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Keywords

HIV; Social Determinants; Late presentation

Abstract

Background: In recent years, increased attention has shifted toward evaluating social determinants of health, and understanding how community, environment, and system factors affect health outcomes. HIV policies and guidelines emphasize the importance of earlier HIV diagnosis and presentation for care. This study evaluated the role of individual and community-level factors in late presentation to HIV care.

Methods: HIV-infected patients newly initiating outpatient HIV medical care at an academic medical center between 2005-2010 were included. Patients' self-reported addresses at their first clinic visit were geocoded using geographic information systems software to the appropriate United States census block group. Using data from the U.S. Census Bureau’s 2005-2009 American Community Survey, community-level data was recorded for each patient's census block group. Poisson regression was used to evaluate associations between individual- and community-level factors with late presentation for HIV care, defined as an initial CD4 count /mm3.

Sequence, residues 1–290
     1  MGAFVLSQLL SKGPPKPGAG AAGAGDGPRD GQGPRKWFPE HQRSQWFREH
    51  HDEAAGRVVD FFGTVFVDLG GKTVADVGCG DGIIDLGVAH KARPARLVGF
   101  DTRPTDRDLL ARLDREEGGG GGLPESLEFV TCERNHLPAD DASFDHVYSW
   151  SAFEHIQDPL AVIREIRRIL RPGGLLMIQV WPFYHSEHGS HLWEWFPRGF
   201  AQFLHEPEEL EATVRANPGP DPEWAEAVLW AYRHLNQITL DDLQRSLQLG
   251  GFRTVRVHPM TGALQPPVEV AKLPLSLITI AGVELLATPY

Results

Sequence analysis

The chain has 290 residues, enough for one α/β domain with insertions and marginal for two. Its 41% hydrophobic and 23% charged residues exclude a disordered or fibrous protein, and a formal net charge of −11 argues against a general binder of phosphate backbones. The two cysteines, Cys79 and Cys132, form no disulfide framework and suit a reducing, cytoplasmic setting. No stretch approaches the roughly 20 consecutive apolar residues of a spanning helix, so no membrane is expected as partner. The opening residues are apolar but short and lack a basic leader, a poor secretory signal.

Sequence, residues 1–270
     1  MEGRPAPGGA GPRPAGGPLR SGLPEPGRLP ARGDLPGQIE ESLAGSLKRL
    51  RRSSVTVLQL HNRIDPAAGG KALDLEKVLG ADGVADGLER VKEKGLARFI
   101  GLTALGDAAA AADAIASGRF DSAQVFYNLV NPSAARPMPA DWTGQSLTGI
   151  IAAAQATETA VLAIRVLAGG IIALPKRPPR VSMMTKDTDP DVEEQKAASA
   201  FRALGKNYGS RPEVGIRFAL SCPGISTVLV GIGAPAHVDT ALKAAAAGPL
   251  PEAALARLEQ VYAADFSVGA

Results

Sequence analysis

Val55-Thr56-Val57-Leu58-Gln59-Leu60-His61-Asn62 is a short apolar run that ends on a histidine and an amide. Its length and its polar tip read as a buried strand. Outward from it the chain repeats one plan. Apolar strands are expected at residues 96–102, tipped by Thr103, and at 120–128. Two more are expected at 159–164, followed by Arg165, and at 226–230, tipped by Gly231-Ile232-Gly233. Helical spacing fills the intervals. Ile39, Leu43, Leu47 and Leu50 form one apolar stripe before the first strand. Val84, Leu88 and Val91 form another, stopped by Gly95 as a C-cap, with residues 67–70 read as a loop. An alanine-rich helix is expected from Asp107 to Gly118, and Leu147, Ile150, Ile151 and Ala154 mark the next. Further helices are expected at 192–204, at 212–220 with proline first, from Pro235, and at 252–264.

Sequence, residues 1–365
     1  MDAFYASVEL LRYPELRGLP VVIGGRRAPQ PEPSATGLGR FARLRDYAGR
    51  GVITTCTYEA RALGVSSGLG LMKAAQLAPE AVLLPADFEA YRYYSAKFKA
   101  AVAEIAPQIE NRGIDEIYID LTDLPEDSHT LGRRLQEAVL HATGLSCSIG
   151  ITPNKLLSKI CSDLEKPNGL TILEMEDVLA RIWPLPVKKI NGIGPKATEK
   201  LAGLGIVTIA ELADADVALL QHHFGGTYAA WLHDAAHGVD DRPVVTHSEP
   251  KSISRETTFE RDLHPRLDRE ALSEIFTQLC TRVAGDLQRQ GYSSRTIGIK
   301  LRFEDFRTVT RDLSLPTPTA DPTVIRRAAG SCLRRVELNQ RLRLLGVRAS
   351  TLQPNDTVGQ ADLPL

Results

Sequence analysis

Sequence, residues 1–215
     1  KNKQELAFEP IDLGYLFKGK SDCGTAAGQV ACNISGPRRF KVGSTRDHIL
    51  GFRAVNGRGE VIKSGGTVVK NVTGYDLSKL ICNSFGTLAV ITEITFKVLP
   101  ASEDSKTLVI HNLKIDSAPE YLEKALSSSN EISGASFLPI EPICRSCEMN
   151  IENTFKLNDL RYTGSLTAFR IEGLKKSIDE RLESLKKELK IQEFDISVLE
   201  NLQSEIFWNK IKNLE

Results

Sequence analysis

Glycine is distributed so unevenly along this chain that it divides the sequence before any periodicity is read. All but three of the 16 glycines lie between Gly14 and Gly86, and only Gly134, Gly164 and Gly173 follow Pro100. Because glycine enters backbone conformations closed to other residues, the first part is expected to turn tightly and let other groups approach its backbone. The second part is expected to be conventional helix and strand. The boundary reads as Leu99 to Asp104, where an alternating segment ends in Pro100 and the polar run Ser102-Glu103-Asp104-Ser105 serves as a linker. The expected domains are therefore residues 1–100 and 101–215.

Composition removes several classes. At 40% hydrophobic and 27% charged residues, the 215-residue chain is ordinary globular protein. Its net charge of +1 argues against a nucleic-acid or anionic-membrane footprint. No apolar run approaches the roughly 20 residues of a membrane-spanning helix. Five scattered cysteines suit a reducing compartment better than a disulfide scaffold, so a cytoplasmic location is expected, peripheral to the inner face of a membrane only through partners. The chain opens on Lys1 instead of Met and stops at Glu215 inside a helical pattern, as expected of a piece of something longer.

Results: Among 609 patients, 341 patients (56%) had an initial CD4 count /mm3. At a community level, late presentation was significantly associated with the proportion of African Americans in a census block group (RR=1.47; 95%CI=1.19-1.81); with proportion living in poverty, lack of fuel, and lack of vehicle demonstrating borderline statistical significance. At an individual level, older patients were more likely (1.12; 1.06-1.19), while white females were less likely (0.45; 0.24-0.84) to present with a CD4 count /mm3.

Conclusion: Both individual and community-level characteristics were associated with late presentation for HIV medical care. Research and interventions to promote earlier HIV diagnosis and care entry should include geographical information and social determinants of health to define priority populations.


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